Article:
Thanks to the faculty of intelligence, humans can contemplate the consequences of actions.

Forests used to cover 99% of the entire earth at one point. What happened next is human civilization uprooted this green cover and built vast countries and empires for human dwelling.

In the Bhagavad Gita, Arjuna begins by having doubts about the battle with his kinsmen because of the fear of what may happen next.

āchāryāḥ pitaraḥ putrās tathaiva cha pitāmahāḥ
mātulāḥ śhvaśhurāḥ pautrāḥ śhyālāḥ sambandhinas tathā

etān na hantum ichchhāmi ghnato ’pi madhusūdana
api trailokya-rājyasya hetoḥ kiṁ nu mahī-kṛite

This can be roughly translated to:
Teachers, fathers, sons, grandfathers, maternal uncles, grandsons, fathers-in-law, grand-nephews, brothers-in-law, and other kinsmen are present here, staking their lives and riches. O Madhusudan, I do not wish to slay them, even if they attack me. If we kill the sons of Dhritarashtra, what satisfaction will we derive from the dominion over the three worlds, what to speak of this Earth?
– Bhagavad Gita, 1.34-35
In the case of Arjuna, Krishna informs him in depth why he is heedlessly worrying about this consequence. The law of dharma ensured that the eternal self immanent in each of his kinsmen was taken to it’s next natural stage.


As time has passed, human beings have continued to have a significant impact on the green cover on earth.

What was once a sprawling cover of wildness has been reduced significantly.

It would be interesting to note how this trend continues over the next few centuries.

Investigation into nature

Mankind has found nature to be a source of endless fascination. Ever since the human brain evolved to a more advanced stage, humans have been playing around with and trying to figure out what nature is and how it works.

This sort of curiosity has been with us since before the agricultural revolution of ten thousand years ago, when agriculture became dominant as opposed to hunting. We find records of this kind of curiosity from ancient times.

In the three to five thousand years old Nasadiya Suktam, one finds expression given to this quest to understand where creation came from.

nāsa̍dāsī̱nno sadā̍sītta̱dānī̱m nāsī̱drajo̱ no vyo̍mā pa̱ro yat |

kimāva̍rīva̱ḥ kuha̱ kasya̱ śarma̱nnaṁbha̱ḥ kimā̍sī̱dgaha̍naṁ gabhī̱ram ||1||

na mṛ̱tyurā̍sīda̱mṛta̱ṁ na tarhi̱ na rātryā̱ ahna̍ āasītprake̱taḥ |

ānī̍davā̱taṁ sva̱dhayā̱ tadekaṁ̱ tasmā̍ddhā̱nyanna pa̱raḥ kiñca̱nāsa̍ ||2||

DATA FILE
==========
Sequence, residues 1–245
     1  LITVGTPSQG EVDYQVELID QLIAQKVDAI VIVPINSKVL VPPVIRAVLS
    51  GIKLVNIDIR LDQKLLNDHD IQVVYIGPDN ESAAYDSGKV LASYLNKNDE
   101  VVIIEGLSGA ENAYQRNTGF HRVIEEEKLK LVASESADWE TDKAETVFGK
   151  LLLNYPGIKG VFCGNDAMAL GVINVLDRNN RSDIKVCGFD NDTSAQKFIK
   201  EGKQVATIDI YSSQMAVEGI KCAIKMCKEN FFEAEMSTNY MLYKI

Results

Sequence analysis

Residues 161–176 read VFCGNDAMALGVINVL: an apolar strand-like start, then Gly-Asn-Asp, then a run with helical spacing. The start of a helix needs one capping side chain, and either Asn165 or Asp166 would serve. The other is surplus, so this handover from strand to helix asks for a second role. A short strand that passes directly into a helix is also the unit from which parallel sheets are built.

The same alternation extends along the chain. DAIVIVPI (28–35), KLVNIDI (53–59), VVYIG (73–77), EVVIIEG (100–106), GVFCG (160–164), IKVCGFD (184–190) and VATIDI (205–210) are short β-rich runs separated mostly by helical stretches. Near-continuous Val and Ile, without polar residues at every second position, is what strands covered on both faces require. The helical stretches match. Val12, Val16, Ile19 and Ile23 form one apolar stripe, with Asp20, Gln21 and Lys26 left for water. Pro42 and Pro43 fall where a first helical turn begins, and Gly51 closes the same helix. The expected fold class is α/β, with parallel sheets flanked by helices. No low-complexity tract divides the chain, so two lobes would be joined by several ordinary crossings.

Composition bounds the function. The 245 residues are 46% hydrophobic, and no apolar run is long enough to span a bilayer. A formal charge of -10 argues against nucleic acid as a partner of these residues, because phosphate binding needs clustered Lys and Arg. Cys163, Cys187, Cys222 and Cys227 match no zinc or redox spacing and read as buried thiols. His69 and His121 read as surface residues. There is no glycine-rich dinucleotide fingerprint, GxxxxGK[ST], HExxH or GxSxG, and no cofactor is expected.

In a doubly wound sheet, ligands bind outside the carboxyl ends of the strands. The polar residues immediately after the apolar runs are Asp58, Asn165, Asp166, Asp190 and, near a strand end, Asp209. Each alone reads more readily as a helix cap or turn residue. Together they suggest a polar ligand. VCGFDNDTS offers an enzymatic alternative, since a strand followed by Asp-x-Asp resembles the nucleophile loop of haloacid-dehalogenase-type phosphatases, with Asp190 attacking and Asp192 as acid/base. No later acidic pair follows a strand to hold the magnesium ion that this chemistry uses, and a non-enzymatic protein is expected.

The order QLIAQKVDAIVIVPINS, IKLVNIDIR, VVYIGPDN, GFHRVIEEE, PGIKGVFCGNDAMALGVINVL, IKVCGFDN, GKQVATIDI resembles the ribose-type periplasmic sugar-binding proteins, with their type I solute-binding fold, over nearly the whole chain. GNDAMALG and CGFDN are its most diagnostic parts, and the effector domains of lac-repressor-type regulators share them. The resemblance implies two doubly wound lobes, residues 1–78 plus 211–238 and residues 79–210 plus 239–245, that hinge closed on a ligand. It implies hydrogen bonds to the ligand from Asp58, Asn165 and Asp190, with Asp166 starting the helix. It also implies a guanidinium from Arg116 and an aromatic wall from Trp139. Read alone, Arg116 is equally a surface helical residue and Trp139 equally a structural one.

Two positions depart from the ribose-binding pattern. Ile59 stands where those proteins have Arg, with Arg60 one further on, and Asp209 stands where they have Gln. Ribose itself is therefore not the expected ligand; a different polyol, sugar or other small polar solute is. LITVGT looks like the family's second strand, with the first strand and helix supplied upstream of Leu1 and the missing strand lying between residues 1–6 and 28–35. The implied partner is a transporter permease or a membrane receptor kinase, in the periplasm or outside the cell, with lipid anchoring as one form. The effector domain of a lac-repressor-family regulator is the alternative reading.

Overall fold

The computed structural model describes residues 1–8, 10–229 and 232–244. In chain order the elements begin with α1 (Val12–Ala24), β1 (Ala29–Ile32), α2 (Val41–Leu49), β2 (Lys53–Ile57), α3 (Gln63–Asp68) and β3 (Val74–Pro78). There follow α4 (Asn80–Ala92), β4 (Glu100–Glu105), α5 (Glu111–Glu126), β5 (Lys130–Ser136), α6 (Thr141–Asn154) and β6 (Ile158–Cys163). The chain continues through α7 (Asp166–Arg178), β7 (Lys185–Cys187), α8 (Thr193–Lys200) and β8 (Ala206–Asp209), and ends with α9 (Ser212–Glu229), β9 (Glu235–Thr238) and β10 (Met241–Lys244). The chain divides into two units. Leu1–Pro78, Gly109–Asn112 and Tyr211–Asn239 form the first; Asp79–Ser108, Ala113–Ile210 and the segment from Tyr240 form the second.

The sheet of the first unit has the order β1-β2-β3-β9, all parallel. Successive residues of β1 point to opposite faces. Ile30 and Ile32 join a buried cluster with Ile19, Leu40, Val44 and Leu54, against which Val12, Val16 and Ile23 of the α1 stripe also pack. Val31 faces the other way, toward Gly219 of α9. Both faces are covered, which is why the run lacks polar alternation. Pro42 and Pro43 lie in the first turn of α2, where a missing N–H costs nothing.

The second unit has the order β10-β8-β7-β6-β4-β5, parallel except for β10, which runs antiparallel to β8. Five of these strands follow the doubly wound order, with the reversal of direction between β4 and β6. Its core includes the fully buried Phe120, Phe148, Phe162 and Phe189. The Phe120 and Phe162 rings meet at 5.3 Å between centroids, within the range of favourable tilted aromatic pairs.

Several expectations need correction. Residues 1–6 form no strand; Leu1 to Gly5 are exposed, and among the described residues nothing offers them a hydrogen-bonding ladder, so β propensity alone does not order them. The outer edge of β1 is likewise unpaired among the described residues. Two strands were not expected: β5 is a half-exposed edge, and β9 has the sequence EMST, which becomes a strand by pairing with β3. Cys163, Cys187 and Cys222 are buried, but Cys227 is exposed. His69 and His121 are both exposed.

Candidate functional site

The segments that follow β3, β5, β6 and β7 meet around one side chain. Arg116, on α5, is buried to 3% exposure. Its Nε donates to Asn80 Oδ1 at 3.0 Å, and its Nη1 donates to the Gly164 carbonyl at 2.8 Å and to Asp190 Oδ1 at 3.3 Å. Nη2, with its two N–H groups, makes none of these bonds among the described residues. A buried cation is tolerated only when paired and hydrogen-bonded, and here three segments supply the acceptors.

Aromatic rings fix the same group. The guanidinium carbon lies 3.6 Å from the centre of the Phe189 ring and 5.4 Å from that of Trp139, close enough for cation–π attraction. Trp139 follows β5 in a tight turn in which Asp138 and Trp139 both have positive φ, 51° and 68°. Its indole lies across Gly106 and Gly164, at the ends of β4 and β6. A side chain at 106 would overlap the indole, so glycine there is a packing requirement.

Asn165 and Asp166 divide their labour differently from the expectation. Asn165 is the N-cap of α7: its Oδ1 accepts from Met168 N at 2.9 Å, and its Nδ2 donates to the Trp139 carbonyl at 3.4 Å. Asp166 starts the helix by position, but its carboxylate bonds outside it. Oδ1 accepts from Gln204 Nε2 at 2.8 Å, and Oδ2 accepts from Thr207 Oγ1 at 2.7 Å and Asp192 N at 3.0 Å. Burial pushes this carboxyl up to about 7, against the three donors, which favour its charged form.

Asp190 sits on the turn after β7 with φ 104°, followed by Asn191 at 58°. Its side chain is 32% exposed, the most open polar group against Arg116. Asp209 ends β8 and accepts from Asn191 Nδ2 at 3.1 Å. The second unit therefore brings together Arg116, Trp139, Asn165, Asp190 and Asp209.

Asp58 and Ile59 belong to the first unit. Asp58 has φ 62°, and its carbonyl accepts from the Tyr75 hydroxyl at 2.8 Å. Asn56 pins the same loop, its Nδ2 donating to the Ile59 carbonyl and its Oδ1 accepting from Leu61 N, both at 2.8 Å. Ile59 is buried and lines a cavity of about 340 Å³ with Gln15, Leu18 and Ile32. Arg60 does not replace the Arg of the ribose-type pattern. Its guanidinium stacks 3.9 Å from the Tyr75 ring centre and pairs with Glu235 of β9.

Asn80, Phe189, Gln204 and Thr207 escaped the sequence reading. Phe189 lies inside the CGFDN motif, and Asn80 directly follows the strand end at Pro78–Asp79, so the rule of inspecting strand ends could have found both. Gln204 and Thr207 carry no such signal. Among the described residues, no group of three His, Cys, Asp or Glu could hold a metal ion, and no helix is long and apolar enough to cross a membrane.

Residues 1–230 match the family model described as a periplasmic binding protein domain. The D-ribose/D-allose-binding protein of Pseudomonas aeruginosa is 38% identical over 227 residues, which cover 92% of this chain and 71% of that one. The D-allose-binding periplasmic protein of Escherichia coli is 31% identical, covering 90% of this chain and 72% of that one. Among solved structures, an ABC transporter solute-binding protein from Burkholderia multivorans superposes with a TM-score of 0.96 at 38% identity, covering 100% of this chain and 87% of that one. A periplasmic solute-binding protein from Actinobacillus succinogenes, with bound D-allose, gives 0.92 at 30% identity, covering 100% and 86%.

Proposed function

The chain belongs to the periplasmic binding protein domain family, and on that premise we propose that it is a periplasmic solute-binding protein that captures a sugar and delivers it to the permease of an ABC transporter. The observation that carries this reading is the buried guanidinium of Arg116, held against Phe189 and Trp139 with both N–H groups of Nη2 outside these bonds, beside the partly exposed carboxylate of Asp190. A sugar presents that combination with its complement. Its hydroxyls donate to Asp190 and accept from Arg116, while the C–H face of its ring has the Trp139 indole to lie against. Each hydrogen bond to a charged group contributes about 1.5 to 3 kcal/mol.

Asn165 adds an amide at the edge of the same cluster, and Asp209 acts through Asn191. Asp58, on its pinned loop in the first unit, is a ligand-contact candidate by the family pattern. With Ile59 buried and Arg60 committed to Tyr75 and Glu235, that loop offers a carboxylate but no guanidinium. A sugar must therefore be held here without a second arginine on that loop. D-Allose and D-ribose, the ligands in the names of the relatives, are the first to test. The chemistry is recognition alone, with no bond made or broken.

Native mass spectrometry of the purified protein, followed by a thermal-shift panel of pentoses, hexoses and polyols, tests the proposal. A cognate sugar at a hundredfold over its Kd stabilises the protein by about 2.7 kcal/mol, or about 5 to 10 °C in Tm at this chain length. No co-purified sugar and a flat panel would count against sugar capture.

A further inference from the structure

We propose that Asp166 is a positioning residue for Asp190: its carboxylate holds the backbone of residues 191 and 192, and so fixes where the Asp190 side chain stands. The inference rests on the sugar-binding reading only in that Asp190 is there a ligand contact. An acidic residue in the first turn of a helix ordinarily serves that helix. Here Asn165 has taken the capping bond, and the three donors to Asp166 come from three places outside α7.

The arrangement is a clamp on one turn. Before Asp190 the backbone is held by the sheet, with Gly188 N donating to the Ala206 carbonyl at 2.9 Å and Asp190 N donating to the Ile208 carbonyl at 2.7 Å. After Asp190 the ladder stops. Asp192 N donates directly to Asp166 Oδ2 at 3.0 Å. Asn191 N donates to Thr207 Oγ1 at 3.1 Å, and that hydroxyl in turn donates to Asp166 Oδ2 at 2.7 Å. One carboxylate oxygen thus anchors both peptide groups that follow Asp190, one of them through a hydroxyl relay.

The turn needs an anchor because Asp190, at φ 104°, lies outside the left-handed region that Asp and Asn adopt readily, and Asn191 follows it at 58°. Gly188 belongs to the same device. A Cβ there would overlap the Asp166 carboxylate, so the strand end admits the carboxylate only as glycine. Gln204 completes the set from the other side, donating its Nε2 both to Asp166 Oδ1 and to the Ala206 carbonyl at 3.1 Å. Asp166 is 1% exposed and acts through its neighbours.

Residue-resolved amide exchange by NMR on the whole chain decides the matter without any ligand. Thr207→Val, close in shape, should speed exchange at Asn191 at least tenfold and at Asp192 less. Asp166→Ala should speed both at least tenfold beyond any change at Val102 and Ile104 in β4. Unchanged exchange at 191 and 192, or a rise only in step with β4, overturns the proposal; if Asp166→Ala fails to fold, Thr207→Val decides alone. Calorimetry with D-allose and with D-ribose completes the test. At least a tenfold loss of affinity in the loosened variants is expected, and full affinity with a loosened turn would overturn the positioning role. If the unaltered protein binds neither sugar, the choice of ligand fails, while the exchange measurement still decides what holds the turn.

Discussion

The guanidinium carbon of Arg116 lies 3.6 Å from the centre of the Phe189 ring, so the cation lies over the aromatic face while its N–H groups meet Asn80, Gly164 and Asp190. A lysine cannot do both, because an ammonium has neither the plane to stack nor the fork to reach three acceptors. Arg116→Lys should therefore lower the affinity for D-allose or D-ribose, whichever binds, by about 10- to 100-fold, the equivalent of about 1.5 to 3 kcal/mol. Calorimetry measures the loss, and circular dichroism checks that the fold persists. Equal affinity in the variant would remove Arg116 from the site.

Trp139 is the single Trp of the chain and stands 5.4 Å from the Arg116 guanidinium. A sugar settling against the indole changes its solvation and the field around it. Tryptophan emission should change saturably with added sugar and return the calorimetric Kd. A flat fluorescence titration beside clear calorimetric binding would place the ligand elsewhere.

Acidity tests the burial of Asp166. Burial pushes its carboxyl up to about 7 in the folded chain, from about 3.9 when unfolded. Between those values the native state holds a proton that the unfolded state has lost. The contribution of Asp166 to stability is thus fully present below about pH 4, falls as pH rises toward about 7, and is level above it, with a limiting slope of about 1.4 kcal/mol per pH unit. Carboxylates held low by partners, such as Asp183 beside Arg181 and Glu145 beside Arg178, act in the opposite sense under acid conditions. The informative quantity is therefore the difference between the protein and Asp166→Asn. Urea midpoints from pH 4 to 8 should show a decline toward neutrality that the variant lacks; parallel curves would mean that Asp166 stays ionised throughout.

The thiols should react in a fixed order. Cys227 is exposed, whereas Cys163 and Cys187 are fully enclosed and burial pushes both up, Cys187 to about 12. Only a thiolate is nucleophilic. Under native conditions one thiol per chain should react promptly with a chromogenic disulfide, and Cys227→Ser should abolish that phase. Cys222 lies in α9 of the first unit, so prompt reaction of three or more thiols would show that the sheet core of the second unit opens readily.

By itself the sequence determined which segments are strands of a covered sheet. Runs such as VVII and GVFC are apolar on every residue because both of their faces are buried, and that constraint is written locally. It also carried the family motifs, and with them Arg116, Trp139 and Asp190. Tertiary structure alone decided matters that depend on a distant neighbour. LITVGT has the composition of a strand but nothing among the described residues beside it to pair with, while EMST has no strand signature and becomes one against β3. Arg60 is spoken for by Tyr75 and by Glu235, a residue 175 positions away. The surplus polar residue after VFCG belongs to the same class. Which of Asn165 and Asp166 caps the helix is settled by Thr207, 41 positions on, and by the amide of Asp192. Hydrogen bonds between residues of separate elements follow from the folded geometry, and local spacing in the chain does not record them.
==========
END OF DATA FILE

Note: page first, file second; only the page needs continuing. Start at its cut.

tama̍ āasī̱ttama̍sā gū̱ḻhamagre̍’prake̱taṁ sa̍li̱laṁ sarva̍mā i̱daṁ |

tu̱cchyenā̱bhvapi̍hitaṁ̱ yadāsī̱ttapa̍sa̱stanma̍hi̱nā jā̍ya̱taika̍ṁ || 3 ||

This can be roughly translated to:

Neither existence nor nonexistence was there. Neither matter nor space around

What covered it, where it was and who protected?

Why, that plasma, all pervading, deep and profound? ||1 ||

Neither death nor immortality was there. And there was neither day nor night

But for that breathless one breathing on its own

There was nothing else, surely nothing ||2||

It was darkness concealed in darkness. And an uninterrupted continuum of fluid

Out came in material form and shape

That one lying deep inside, on its own intent. ||3||

– Rig Veda, 10.129.1-3

Nature and its wonders

Nature comes with so many amazing wonders that most of them are not understood or appreciated.

Just what happens in the wild, how what we understand to be an “ecosystem” functions is a subject that one can spend several lifetimes understanding.

The ancients understood the unfathomable depths of nature and revered it accordingly.

We find traditional reverence of nature even today in India where several unbroken traditions still flourish.

The rishis (sages) who composed the Vedas dedicated several verses extolling the wonders one comes across in the natural world.

Nature’s self organization

Nature is wonderful to humans because it is quite awe-inspiring.

Nature organizes itself and grows in fantastic ways.

When one looks at a small portion of the natural world, like the coast of Norway, for instance, the organization is intricate and complex. It is impossible to truly measure the length of such coastlines. This phenomenon is known as the coastline paradox.

Similar fractal patterns can be observed in various other phenomena, including the shapes of leaves and trees.

Other natural phenomena like earthquakes and solar flares follow the self-organized criticality pattern which is related to the above.

As the Danish physicist, Per Bak, argues in his book, How Nature Works, the self-organized criticality approach also applies to understand human organization in a social sense. He suggests (correctly, in my opinion) that fields such as economics should take into account the self-organized criticality aspects of human behavior instead of ignoring or throwing out the outliers such as the boom and bust cycles as done in “equilibrium” economics.

Going off the track

Occasionally getting off the beaten track is useful as it provides one with possible unexpected results.

Just getting to explore a new place in different ways and getting to enjoy nature in it’s glory is one of life’s great joys.

Watching the wonders of nature makes one feel small in comparison to the universe, but that seems about right.

How or why nature grows on it’s own and creates life, the planets and this universe is still a mystery.

In the meantime, perhaps one should perhaps learn to just savor bountiful natural sights for their own sake?